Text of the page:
Inside our pages: Tough decisions when covering death

Late Saturday night the GW community experienced its latest tragedy, as a sophomore drowned in the Potomac River Tidal Basin. Philip Augustin lost his life prematurely; he was the fourth student to die in the last four months. As the campus newspaper, it has been The Hatchet’s job to report each of those stories and work our hardest to inform the community of all pertinent details through articles and photographs. In addition to reporting details about the student’s passing, we look to tell a story about what each student meant to his or her close friends. We speak with the individuals’ friends and provide a glimpse into the impact they had on campus. But this weekend, we faced a dilemma regarding our reporting of the most recent student death.

Reporting and photographing untimely student deaths is the most difficult and unfortunate job we face at The Hatchet, but is a task we are compelled to do. Hatchet editors learned of a developing news story regarding a GW student near the Tidal Basin late Saturday night. We sent a photographer and reporter as we do to every pertinent news story on campus and around the District. We confirmed the story early Sunday morning and also took photos of the scene near the Franklin D. Roosevelt Memorial.

One of the photos, which we ran on page six of today’s issue as well as in our online edition, shows Augustin’s body lying under a sheet near the edge of the Tidal Basin. His shoes are visible in the picture.

This is the first time this year The Hatchet is running a photo of the circumstances surrounding a student death, because it is the first time we were able to take one. The staff engaged in a significant debate regarding how we would report the tragedy. Hatchet editors take great care with every story and photo in order to ensure accuracy, timeliness and impact while always keeping ethical issues in mind. After close consideration, we often choose not to run certain photos or information in stories if they do not follow our guidelines for print. But in this case, we concluded the extremely powerful photo was important to run, and after long debate, we decided to run the picture inside the newspaper.

The photo illustrates Saturday night’s scene, as the cherry blossom trees, the river and the student are all visible in the photo. The victim’s tennis shoes are especially poignant – it is apparent from his shoes that the individual is a college student. The victim could have been any one of our friends. A strong picture has emotional impact, which can be painful in some circumstances, and we fully realize that we walk a fine line between a thought-provoking, informative picture and one that is seen as tasteless. Choosing an image can be an overwhelming challenge – although difficult for some to see, it helps to paint a more comprehensive picture of the tragedy.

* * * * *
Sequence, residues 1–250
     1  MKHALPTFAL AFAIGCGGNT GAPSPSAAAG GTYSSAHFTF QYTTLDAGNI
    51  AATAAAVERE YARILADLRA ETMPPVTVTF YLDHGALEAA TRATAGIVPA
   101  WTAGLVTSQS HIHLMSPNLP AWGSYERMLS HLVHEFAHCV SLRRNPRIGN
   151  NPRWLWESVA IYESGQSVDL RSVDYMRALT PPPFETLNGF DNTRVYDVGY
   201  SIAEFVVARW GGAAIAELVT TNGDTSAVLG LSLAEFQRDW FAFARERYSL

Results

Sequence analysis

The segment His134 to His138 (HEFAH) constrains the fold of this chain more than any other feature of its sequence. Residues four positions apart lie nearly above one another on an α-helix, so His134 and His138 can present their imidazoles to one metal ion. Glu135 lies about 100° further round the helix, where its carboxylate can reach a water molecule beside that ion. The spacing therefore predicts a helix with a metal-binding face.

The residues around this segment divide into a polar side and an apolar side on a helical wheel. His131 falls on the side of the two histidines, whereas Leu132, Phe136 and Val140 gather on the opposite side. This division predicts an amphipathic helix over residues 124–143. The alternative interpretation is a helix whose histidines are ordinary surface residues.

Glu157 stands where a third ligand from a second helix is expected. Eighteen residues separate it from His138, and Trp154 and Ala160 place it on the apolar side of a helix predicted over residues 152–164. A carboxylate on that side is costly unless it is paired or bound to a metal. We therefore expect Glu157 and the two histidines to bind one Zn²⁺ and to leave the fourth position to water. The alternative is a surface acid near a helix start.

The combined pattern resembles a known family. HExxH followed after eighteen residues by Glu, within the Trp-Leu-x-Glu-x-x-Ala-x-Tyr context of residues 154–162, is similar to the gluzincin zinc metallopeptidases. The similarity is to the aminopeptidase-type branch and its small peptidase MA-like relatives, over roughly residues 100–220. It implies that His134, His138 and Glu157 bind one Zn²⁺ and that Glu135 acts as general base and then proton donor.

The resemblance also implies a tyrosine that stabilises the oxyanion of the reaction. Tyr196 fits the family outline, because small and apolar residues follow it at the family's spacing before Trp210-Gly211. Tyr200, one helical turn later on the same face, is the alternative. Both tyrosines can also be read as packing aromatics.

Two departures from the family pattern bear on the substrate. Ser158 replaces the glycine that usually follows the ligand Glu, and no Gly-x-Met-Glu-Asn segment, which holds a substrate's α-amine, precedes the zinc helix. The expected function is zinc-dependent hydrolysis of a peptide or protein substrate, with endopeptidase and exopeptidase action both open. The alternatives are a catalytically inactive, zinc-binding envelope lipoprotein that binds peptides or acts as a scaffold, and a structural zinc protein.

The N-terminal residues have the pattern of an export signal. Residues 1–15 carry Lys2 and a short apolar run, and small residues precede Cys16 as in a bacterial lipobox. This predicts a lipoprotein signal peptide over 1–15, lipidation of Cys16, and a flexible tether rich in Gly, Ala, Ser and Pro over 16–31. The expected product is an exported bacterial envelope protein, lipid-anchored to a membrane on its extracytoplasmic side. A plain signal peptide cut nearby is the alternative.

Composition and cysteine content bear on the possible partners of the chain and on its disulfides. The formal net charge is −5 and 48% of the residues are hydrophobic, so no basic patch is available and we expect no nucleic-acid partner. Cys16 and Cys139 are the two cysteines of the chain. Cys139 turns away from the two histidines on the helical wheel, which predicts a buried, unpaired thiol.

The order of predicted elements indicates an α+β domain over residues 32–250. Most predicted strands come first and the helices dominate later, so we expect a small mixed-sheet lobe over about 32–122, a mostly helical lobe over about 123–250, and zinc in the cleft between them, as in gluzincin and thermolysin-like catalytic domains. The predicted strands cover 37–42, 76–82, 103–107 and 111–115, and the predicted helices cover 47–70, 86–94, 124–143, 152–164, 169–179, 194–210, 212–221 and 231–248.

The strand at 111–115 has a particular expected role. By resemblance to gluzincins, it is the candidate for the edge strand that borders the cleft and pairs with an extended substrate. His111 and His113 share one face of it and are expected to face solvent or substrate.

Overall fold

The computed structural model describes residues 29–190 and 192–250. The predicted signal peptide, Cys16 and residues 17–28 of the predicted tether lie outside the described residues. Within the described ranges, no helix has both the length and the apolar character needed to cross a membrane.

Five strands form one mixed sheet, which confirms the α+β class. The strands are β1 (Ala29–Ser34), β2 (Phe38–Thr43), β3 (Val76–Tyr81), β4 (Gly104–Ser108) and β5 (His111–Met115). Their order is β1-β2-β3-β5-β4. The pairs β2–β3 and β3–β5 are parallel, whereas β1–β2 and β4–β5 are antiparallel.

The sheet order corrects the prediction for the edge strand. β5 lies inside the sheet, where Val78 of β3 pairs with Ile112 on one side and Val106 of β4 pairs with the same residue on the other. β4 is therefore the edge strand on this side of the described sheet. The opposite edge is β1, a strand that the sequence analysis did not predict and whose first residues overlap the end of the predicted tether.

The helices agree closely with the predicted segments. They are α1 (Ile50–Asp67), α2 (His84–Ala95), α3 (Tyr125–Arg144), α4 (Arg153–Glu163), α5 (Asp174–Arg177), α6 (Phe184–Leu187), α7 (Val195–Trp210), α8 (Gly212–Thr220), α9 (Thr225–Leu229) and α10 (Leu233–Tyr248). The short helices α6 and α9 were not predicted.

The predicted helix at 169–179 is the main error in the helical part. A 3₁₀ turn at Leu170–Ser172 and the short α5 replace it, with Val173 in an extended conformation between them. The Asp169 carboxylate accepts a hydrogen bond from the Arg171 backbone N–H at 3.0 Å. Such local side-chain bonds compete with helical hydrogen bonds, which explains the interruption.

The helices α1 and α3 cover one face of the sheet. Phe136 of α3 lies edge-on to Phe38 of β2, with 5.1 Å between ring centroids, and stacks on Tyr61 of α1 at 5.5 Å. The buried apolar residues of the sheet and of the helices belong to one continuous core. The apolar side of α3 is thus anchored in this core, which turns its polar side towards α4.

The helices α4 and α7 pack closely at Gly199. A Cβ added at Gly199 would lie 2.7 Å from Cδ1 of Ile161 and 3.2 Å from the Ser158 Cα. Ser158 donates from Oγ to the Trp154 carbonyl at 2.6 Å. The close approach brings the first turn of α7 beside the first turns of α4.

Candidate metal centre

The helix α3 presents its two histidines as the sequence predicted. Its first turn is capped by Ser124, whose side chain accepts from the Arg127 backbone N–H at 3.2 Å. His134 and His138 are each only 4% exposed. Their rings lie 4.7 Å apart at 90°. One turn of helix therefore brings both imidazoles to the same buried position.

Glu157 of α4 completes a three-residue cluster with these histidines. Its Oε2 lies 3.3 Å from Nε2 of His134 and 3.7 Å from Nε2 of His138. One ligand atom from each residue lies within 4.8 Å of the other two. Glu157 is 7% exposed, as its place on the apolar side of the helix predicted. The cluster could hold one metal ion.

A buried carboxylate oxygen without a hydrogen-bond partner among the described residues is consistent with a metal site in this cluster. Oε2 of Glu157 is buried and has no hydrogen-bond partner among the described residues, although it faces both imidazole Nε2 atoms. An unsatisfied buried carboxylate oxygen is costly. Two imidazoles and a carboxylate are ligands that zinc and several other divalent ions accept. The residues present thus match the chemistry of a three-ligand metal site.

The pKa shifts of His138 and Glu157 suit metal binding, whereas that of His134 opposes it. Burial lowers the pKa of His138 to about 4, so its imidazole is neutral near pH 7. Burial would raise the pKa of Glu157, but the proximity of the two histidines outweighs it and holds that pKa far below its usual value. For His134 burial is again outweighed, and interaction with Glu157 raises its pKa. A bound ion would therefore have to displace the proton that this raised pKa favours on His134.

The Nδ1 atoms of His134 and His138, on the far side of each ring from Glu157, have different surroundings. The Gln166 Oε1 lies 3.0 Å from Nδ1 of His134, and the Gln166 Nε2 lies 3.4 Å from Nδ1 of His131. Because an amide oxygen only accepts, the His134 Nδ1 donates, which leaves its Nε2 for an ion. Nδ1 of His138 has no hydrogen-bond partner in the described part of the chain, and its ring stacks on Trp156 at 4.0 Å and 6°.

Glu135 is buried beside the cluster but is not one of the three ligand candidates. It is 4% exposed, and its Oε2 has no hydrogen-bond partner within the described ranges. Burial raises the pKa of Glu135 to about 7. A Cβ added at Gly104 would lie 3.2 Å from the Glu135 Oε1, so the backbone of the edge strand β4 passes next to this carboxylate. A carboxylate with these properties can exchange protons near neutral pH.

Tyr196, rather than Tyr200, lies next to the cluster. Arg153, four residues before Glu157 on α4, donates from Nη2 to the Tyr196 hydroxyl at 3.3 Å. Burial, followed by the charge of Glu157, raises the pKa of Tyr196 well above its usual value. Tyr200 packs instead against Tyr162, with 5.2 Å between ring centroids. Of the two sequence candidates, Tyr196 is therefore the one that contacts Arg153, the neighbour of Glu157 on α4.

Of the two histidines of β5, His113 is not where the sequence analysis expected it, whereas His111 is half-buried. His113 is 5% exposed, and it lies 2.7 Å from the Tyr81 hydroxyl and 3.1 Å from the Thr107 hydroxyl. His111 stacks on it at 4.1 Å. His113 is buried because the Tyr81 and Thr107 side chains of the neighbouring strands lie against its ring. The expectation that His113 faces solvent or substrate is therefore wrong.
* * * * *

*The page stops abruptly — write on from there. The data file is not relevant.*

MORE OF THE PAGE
The Hatchet does not seek to be sensational, crass or callous in printing any photo, and we consider the emotional impact of what we run in the newspaper. This year’s staff is especially aware of the emotions and issues that arise after experiencing the tragedy of losing a friend. Jenny Dierdorff, The Hatchet’s production manager, took her own life about seven weeks ago. We had the mission of reporting on her death, despite our proximity to the situation. We know how difficult it is to see a photo of a lost friend in addition to reading details about her death. And if The Hatchet had had a picture other than Jenny’s portrait to enhance the story, we would have engaged in a similar debate.

Although one’s immediate reaction is often to be offended by a strong emotional picture, our goal is to be as informative as possible and most accurately describe the scene and the story. Realizing that we are reporting the tragedy to a relatively small and close-knit campus and cognizant of the emotions involved in losing a friend, we decided to move the photo inside after initially considering putting it on the front page. Instead, we ran the first part of the story and a portrait of Augustin on the bottom half of the front page, just as the newspaper has done for other students who lost their lives this semester. As readers learn more about Augustin and the circumstances of his death, they can then move on to see the picture on page six along with the conclusion of the story.

In situations like this, there are no absolutes, and we attempted to make the best decision possible and strike what we thought to be the best balance between being as comprehensive as possible and as sensitive as possible. It will be a difficult time ahead for those who knew Augustin, and The Hatchet will seek to continue to keep the GW community updated on any more information we learn through photos and stories. I encourage any readers with comments on this issue to write letters to the editor. They can be e-mailed to

The writer, a senior majoring in political communication, is Hatchet editor in chief.

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